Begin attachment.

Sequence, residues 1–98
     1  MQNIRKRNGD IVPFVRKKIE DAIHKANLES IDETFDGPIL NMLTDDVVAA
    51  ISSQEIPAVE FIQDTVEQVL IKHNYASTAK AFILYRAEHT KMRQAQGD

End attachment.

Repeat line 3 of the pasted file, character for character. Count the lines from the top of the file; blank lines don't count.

    51  ISSQEIPAVE FIQDTVEQVL IKHNYASTAK AFILYRAEHT KMRQAQGD